Moreover, although the foregoing exemplary embodiments refer tomessages which originate at "mobiles", those skilled in the art will also recognize that the present invention can also be applied where other types of equipment originate the message, e.g., PSTNs or data networks. Further, although the present invention has been exemplified by embodiments which refer to the GSM, the present invention is equally applicable to any system or standard (e.g. , PDC or ADC) wherein messages may be routed using methods or systems that include service centers or analogous equipment. Thus, the scope of the present invention is instead set forth by the appended claims and encompasses any and all equivalents and modifications embraced thereby.

Claims

WHAT IS CLAIMED IS:
1. A method for routing a message from an originator to a recipient comprising the steps of: sending the message to an originator's service center which handles messages that are transmitted by the originator; interrogating a home location register to obtain first routing information for the message; interfacing the recipient's service center to obtain second routing information; and informing a switching center of at least one of said first and second routing information.
2. The method of claim 1, further comprising the step of: storing, priorto said sending step, addresses of subscribers' service centers in said home location register.
3. The method of claim 1, wherein said step of sending the message further comprises the step of: appending an address of said originator's service centerwhich is stored in an originator's equipment.
4. The method of claim 3, wherein said originator•s equip- ment includes at least one of: a smart card, a SIM and a mobile unit.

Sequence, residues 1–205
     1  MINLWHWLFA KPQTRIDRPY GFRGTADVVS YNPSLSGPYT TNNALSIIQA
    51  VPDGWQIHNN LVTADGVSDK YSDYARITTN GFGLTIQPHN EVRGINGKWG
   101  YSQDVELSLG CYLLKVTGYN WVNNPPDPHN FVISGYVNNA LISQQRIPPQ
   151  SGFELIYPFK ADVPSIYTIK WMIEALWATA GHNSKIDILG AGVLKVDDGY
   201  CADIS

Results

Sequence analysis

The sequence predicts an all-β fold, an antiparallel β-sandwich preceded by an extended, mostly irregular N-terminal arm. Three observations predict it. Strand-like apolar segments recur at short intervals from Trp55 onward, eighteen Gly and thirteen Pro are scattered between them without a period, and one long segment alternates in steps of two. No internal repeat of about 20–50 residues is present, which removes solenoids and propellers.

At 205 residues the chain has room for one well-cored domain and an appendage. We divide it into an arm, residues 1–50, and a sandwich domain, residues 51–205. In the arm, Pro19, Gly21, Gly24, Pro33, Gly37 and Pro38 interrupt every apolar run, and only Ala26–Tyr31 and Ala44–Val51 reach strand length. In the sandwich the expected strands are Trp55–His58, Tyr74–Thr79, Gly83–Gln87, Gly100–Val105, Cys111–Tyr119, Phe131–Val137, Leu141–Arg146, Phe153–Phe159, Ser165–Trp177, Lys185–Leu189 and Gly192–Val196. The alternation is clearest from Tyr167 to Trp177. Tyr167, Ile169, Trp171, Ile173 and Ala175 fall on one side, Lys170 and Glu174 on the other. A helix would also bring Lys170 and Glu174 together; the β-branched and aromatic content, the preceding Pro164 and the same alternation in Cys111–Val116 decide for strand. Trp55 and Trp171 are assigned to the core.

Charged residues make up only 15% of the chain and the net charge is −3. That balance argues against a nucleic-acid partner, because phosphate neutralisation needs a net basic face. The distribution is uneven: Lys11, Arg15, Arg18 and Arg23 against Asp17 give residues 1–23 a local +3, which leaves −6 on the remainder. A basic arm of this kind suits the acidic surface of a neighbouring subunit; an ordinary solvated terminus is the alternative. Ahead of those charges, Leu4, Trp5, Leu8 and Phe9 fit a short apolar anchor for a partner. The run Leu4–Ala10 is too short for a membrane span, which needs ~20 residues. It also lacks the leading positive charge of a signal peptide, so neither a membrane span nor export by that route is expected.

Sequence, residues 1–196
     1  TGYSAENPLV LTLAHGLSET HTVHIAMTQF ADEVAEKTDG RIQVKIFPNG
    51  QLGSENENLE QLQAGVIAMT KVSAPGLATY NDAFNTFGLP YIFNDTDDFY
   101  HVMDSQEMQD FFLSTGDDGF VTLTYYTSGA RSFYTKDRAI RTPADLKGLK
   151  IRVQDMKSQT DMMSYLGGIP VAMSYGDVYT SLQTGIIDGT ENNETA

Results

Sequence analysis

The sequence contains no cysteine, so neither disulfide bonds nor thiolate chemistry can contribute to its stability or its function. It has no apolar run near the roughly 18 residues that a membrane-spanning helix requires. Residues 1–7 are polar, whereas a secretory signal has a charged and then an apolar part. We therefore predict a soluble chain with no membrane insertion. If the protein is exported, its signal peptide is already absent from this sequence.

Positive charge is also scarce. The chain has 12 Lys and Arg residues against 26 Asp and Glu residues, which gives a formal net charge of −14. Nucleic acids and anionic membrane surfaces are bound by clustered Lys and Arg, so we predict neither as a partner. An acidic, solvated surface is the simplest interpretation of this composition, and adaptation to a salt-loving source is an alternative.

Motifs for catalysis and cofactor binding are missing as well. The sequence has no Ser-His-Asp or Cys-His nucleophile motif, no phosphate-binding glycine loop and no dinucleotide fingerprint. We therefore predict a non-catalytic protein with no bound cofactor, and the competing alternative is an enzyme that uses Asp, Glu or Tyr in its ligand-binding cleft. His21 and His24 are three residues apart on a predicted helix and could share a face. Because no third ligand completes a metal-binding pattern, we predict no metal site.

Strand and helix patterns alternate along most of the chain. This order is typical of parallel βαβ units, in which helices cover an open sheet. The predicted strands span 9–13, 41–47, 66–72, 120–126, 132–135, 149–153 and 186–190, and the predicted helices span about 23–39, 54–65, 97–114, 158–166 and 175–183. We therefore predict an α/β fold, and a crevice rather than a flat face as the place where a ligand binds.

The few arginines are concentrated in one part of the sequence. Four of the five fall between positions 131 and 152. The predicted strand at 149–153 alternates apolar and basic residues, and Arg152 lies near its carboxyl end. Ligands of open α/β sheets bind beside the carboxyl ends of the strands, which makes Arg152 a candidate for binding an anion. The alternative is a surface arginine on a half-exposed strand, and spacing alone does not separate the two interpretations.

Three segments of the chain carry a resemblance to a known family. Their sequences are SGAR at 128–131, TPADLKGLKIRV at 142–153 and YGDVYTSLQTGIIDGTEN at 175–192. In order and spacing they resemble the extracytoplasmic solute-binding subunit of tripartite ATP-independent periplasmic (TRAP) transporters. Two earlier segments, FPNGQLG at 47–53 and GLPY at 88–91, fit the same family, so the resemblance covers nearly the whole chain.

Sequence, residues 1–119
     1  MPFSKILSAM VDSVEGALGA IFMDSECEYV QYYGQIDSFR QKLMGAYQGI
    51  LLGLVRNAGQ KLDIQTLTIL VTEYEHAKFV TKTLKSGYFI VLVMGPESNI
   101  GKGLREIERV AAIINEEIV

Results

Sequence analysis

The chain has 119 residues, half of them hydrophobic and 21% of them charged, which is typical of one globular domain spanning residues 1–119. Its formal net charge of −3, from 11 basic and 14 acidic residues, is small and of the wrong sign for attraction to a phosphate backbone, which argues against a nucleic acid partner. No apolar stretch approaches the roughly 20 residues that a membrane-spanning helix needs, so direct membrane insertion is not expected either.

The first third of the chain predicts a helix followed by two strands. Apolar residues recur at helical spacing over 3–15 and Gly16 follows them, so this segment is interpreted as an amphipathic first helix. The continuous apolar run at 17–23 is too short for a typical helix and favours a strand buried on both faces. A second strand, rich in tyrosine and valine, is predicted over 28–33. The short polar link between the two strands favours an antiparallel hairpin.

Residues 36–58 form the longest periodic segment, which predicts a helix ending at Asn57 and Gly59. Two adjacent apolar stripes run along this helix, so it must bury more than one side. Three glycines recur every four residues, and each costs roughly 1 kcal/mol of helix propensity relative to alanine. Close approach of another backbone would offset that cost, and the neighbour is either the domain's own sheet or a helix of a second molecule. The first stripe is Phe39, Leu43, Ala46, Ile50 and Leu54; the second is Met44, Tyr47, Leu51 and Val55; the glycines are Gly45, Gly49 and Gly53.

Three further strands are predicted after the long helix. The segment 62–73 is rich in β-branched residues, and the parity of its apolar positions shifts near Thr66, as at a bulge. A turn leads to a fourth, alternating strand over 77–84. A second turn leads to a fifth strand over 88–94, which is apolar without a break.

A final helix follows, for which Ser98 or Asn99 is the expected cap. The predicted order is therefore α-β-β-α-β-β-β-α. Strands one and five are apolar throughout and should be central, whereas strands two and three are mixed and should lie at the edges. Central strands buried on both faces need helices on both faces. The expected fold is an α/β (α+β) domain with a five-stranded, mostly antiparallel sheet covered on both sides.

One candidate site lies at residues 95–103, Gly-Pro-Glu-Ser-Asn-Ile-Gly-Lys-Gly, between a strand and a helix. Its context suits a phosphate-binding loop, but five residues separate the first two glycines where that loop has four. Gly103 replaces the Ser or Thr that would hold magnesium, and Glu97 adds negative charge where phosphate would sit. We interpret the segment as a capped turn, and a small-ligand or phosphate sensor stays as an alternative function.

5. The method of claim 2, further comprising the step of: informing said switching center of an address of said origina¬ tor's service center which has been retrieved from said home location register.
6. The method of claim 1 wherein said step of interfacing further comprises the step of: determining whether said message is to be routed according to a standard procedure. 7. The method of claim 6, further comprising the step of: routing said message, based on a result of said determining step, to either said recipient or to said recipient's service center.
8. The method of claim 7, further comprising the step of: if said message is routed to said recipient's service center, processing said message according to said recipient's subscriber profile.
9. The method of claim 1, wherein said step of interrogating further comprises: determining if a recipient's service center can be interfaced.
10. The method of claim 9, wherein said step of interfacing is selectivelyperformedbased on a result of said determining step.
11. The method of claim 1, wherein said step of interfacing further comprises the step of: interfacing the recipient's service center from said re¬ cipient's home location register.
12. A radiocommunication system for transmitting a message from an originator to a recipient comprising: an originator's service center means for storing a subscriber profile of said originator; a recipient's service center means for storing a subscriber profile of said recipient; and means for forwarding saidmessage from said originator to said recipient using subscriber profile information received from said originator's service center and, if available, from said recipient's service center. 13. The radiocommunication system of claim 12, wherein said forwarding means further comprises: a gatewaymobile services switching centermeans for receiving said message from a remote unit and sending said message to said originator's service center for processing according to subscriber profile information.